It's true. Though Pakistani teams tends to slap it's biggest fans in the face, it has been entertaining, and an important member in the cricketing world.

  • gilbert84 on February 10, 2010, 3:55 GMT

    It's hard not to feel sad for Pakistan. As you say, they have had so many wonderful players over the years and always exuded a swagger that now seems to be missing. Even when they are as low as they currently are you still get the feeling that when they put in the effort they can walk on to the field and destroy any team in the world. Better leadership and they may just become a top 3 team again.

  • shahid6995 on February 10, 2010, 3:46 GMT

    Felt like I was reading my team's obituary until the last words. Thanks for the thoughts.

  • ATIULLAH on February 10, 2010, 3:45 GMT

    what a great article by peter roebuck.i think he is one of the best in business.... i enjoyed reading this . my alltime pak 11

    saeed anwar hanif mohd inzamam ul haq zaheer abbas javed miadad mohd yusef moin khan imran khan wasim akram waqar yunis saqlain mushtaq

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  • ATIULLAH on February 10, 2010, 3:45 GMT

    what a great article by peter roebuck.i think he is one of the best in business.... i enjoyed reading this . my alltime pak 11

    saeed anwar hanif mohd inzamam ul haq zaheer abbas javed miadad mohd yusef moin khan imran khan wasim akram waqar yunis saqlain mushtaq

  • shahid6995 on February 10, 2010, 3:46 GMT

    Felt like I was reading my team's obituary until the last words. Thanks for the thoughts.

  • gilbert84 on February 10, 2010, 3:55 GMT

    It's hard not to feel sad for Pakistan. As you say, they have had so many wonderful players over the years and always exuded a swagger that now seems to be missing. Even when they are as low as they currently are you still get the feeling that when they put in the effort they can walk on to the field and destroy any team in the world. Better leadership and they may just become a top 3 team again.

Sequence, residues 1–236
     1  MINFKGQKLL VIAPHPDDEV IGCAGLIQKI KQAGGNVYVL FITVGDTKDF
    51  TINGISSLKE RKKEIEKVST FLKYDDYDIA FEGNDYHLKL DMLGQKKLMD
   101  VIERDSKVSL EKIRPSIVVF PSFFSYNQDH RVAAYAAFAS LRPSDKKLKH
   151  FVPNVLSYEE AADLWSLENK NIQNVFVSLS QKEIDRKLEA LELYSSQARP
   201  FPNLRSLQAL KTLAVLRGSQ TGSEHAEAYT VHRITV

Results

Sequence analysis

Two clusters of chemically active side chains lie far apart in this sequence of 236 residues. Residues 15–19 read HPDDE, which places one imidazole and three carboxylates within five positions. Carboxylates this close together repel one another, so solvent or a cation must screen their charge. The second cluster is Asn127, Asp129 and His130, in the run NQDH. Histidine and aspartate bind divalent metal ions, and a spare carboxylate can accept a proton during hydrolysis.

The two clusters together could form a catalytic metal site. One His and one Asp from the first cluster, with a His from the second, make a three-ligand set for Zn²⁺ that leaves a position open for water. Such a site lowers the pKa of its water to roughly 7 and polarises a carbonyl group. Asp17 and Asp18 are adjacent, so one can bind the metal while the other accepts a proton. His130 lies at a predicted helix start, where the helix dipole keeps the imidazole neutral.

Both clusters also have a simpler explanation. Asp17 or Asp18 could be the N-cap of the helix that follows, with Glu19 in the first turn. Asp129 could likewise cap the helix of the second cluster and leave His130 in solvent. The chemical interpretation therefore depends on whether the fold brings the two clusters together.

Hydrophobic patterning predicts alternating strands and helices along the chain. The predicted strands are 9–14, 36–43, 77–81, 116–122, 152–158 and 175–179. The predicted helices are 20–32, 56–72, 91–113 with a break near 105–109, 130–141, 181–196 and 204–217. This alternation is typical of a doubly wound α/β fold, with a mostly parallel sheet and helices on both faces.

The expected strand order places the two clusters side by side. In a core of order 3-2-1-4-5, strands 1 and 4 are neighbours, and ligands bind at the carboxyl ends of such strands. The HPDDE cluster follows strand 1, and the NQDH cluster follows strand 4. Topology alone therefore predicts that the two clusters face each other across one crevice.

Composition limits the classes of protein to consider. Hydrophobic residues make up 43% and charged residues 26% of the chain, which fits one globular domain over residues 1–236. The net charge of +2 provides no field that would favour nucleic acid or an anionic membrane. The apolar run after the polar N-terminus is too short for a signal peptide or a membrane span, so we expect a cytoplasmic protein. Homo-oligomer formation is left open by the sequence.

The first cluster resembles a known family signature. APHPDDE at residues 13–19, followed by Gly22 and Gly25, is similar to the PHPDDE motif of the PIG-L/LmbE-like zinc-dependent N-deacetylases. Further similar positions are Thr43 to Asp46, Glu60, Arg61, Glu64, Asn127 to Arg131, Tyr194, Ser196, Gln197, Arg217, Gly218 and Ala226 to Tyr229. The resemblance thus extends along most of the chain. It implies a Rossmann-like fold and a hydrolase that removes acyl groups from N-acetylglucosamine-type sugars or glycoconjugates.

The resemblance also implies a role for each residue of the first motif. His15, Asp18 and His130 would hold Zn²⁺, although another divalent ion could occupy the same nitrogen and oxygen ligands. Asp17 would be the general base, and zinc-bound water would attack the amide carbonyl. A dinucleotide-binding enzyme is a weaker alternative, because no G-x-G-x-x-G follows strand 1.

• faforce on February 10, 2010, 4:20 GMT

    It's true. Though Pakistani teams tends to slap it's biggest fans in the face, it has been entertaining, and an important member in the cricketing world.

  • asim1 on February 10, 2010, 4:23 GMT

    Well written, seemingly unbiased and quite refreshing. The team and the institution may seem down but counting them out is not an option, a younger core is developing around the older players, some consistency in the batting lineup will do a lot for the team... and some consistency in the management might bring some calm.

  • Sherz on February 10, 2010, 4:40 GMT

    This article has a personality Very compelling article- two-thumps up!

  • cinder49 on February 10, 2010, 5:03 GMT

    Excellent article. It is very easy to understand Imran Khan's logic for future. A common sense among Pakistani ellites, which is rarely common. Pakistan will continue its roller-coaster ride in the cricket world and will keep on entertaining people around. Yes, long may it last. (amen)

  • Immad_Pak on February 10, 2010, 5:05 GMT

    A very honestly written article that brilliantly highlights the plight of this country and the team. The country and the team both are in dire need of a direction and a perpose. Cricket in Pakistan unfortunately could never get itself disassociated from politics as a result it never got on its feet and though there were brief periods of brilliance witnessed from a highly talented team, the lack of infrastructure and consistency have always prevented this team from performing up to its potential. I share the writers thoughts though. This team needs to be saved not just for cricket but for the people of this nation where cricket is more than just a passion and a sport. It has become a phenomenon and a way of life for us!

  • palvimd on February 10, 2010, 5:29 GMT

    True assessment of Pakistan as a nation and the sad status of it's sports' teams.Hopefully the people in charge of affairs will take a look at this article.Recommend to oost this article in local papers.

  • vizpers on February 10, 2010, 5:31 GMT

    Azhar Ghumman:::

    Very well written article except for no mention of Shoaib Akhtar.